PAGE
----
Flower Crown – Bender Szn (Live in Church)
“Bender Szn,” a standout track by Flower Crown, Pittsburgh’s resident dream-poppers, sounds plenty good in-studio. The song’s full, entrancing power was unlocked in October, however, when the band recorded a live version in an empty South Hills church. The album track’s guitar pings expand here to become full-fledged cathedral bell chimes that ring out through the pews and rafters. Frontman Richie Colosimo delivers a blissed-out sermon about long days and chased pills, reminding himself, “Don’t come unhinged.” The sacred and the profane become one among tendrils of guitar that echo to the heavens.
Andrew Muse – Funker
The cover of Andrew Muse’s July release, Smoker’s Row, shows the artist clad in high-heeled yellow rain boots and staring down the camera, a speech bubble bearing his own name protruding from his crotchal area. That just about sums up the ethos of album highlight “Funker,” an eccentric, explicit, unabashedly queer slice of skeletal sweat-funk complete with orchestral keyboard flourishes, swampy guitar licks, and disjointed vocal interjections. Descriptions of male genitalia abound. As the track climaxes in a flood of screeching synthesizers, Muse laughs mischievously, reveling in the glorious smut that he’s created.
Thousandzz of Beez – fall out//call out
Thousandzz’s of Beez’s H. Colt Paulson made some of the most unsettling music of the year, and “fall out//call out” finds him at his most bizarrely enticing. While a soggy synth plunks in circular patterns like a stone rattling its way down a well, Paulson invites us to come with him to a landfill and stand atop an island of trash. Synthetic crickets buzz and chirp. A child’s voice falters its way through a book passage. Nocturnal gloom gathers as faint piano chords ripple outward. The synth pattern returns, accompanied by snatches of distorted screaming. There’s so much silence in between these sounds that the song could score a surrealist film, one about childhood, but not meant for children.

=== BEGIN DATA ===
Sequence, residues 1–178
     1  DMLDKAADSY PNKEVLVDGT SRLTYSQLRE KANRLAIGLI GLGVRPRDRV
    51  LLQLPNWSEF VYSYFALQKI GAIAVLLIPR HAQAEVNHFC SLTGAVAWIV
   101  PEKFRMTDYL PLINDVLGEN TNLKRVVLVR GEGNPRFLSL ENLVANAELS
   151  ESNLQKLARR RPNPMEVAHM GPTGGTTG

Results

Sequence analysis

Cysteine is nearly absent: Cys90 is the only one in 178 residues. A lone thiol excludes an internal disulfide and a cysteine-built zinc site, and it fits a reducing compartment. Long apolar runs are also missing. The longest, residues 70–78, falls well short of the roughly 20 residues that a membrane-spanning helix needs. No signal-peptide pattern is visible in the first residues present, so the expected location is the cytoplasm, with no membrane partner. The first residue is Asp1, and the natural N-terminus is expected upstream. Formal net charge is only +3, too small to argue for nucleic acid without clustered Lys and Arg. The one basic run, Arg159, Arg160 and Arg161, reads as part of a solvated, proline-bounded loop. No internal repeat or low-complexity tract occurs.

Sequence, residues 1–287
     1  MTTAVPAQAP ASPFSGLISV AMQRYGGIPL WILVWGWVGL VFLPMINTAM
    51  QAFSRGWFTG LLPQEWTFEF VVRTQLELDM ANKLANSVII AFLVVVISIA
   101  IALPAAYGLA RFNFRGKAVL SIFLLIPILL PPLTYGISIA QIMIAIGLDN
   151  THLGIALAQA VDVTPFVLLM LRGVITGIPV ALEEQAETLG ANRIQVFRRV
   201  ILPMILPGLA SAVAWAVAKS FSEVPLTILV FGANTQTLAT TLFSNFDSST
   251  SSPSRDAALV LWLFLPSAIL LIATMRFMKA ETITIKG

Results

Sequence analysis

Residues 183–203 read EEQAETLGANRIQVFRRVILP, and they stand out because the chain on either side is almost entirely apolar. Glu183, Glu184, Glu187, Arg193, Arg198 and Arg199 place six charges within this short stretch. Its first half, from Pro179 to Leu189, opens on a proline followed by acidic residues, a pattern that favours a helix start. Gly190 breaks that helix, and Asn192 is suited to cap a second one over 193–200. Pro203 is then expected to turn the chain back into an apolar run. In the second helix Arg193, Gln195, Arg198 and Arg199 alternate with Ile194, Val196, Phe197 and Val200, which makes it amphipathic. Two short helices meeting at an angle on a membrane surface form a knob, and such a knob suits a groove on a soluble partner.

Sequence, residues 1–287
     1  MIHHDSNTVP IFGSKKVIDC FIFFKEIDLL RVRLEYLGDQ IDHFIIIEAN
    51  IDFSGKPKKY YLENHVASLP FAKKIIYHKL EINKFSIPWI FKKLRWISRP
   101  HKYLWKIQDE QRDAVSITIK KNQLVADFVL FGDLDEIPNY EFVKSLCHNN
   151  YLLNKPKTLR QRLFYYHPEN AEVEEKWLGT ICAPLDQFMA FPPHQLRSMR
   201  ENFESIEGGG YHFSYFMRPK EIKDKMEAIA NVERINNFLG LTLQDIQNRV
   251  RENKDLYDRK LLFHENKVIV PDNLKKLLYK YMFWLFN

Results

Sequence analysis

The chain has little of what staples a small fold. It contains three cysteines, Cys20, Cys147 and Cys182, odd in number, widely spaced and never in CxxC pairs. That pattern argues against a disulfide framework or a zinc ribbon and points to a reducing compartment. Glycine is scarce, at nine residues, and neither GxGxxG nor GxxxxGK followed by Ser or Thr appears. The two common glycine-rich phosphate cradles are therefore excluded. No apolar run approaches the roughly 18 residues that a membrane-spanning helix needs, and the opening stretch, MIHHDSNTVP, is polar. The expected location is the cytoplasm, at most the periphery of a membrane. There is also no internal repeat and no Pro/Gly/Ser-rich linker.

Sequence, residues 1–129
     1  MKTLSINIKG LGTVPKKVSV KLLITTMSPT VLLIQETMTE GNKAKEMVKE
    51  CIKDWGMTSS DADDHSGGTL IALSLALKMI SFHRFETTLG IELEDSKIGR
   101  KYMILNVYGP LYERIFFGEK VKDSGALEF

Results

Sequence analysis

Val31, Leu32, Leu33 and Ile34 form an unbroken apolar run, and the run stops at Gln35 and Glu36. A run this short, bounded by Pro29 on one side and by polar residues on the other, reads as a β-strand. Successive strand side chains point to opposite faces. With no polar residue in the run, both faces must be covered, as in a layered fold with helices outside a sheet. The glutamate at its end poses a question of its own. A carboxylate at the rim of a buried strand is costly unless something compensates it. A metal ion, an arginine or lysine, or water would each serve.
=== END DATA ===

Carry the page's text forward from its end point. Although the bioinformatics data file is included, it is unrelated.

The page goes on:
Weather T.V. – Mr. Lawrence
E. Wong crafts “synthetic songs for naïve human consumers” as The Kowloon Corporation, Elton Wong, and Weather T.V. “Mr. Lawrence,” from Weather T.V.’s THEMES VOL. II (released on the fantastically weird Pittsburgh label Autumn Sounds), brings to mind music from fourth grade health class videos, local TV stations, and hours spent on hold. Paradoxically bland and evocative, as the best vaporwave tends to be, it burrows into your subconscious and sends you back to the days of cartoons and fruit snacks.
Century III – White Knife
With September’s Here Today, Century III celebrated the end of the Woodstock Summer’s 50th anniversary in sufficiently psychedelic fashion. “White Knife” gets its strength from Carrie Battle, Sarah Ellis, and Lauren DeLorenze’s glorious, extended three-part harmonies, which float upward like puffs of smoke toward a high paisley ceiling. In the same way that bands like La Luz and Shannon and the Clams have done, the women of Century III use the sounds of California surf music as a jumping-off point, in this case, taking the style in swampy, noisy directions. Rather than a balmy Pacific sunset, this one is a crusty Allegheny moonrise.
Liil SEA – Chosen $
Liil Sea (aka Shorty Shayla) follows in the spiritual footsteps of Lil Yachty, the poster child for daffy, vaguely aquatic-themed wordsmiths with split personalities that alternate between outsider raps and exuberantly sung passages overtop nursery rhyme beats. On the February single, “Chosen $,” Liil SEA skips lunch and steals your girl, barely suppressing a giggle as she brags about guacamole, Captain Crunch, and Post-It notes on cars. “I’m dope as fuck and I know it!” she proclaims in an unmistakable Pittsburgh accent. She’s our Yachty, but with actual bars.
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